The drug war and its menace!

The drug menace in this country is worse than what one can imagine and what is appearing in the media. It is like an itch in one’s body that the more one scratches it the more it becomes itchy – and is expanding.

Will this not effectively put the future of this country in bleak condition? The answer is certainly a “yes”.

The problem with addiction is that once it is embedded in the blood it stays there forever. And suppose the head of the state is a drug dependent or was once, what can we expect of him as our leader? Nothing! Surely, only wrong or dangerous decision that can put the country and people in harm’s way. In this country, that possibility is not remote, because of the power of the three Gs (gold, guns, and goons). Many people vote a candidate because of material, emotional, and personal considerations.

 President Rodrigo Roa Duterte is right in making the war on drugs as a priority of his administration. Despite of the criticisms, rightly or wrongly, he is succeeding. We feel the   positive impact at least in our areas.

 President Duterte needs the support or at least encouragement of the people. But when the campaign oversteps what is legally or morally forbidden, he must be told. And the excesses, if there are, must stop immediately and the guilty must be brought to justice.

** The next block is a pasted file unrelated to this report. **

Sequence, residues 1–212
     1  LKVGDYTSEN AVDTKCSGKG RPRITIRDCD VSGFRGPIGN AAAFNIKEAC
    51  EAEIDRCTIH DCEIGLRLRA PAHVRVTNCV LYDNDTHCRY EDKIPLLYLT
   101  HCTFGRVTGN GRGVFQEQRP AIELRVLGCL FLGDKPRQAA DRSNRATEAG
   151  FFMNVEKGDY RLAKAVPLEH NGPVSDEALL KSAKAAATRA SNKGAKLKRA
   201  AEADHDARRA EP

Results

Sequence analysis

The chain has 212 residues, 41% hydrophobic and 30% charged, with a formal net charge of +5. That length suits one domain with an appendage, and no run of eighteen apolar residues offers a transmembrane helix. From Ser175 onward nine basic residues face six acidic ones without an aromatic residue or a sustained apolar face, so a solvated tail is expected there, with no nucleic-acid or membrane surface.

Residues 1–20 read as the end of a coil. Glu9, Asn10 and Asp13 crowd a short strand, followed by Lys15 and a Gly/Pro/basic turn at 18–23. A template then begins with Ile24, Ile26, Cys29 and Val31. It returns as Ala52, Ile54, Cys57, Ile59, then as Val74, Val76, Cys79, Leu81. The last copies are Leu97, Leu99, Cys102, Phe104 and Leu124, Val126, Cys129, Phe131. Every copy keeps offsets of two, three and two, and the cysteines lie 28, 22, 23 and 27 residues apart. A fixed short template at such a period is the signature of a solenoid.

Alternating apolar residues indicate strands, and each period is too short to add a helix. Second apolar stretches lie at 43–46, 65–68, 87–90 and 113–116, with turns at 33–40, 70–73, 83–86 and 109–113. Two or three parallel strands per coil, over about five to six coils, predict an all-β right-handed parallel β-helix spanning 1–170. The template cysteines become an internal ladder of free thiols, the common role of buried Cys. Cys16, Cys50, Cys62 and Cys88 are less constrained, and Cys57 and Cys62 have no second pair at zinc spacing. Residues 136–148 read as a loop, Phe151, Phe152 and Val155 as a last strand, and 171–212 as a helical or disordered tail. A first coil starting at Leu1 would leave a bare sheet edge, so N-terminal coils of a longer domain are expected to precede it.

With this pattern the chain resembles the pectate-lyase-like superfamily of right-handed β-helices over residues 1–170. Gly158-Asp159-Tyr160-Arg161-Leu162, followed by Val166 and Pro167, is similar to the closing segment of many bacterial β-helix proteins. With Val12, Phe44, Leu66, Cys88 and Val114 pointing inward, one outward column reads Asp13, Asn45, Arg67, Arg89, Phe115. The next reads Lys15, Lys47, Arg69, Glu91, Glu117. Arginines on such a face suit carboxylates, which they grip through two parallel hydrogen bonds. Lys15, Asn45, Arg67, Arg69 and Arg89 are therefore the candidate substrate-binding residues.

Frankly, the MILF has always wanted to check and stop this evil practice and trade long time ago. This is the reason that despite our limitations, the MILF had created the task force in 2015 to address the worsening drug addiction and trafficking among Moros. We may not have achieved so much in this undertaking but at least we have done something.

Like water seeking its own level, the common dislike for drug resulted in signing by the government and MILF of a protocol on anti-drug trafficking in June his year. The agreement regulates the manner of their joint operation against drug users and trafficking in MILF areas and communities.

By the way, the MILF had also banned cigarettes especially inside its camps and communities since 1987 when the late MILF Chair Salamat Hashim came home from abroad. The government had banned the same in public places only recently.

 However, the bases of their decisions differ. For government, it is based mainly on health reasons, while the MILF looks at it not only on health consideration but more on moral or religious grounds. Anything that intoxicates like alcohol and drugs is haram or forbidden in Islam, because it is harmful (to the brain) and in the Day of Judgment the doer is punished for it.

 Moreover, the seriousness of this drug problem encompasses not only in the number of dugs confiscated, burned or destroyed or deaths, directly or indirectly, attributed to this campaign, but more so in the manner of conducting it.  Leaders are highly divided on the approach.

 But minding all, there is no such thing as perfect approach. The most important thing is to build on the gains of every undertaking and always stand ready to rectify any shortcoming.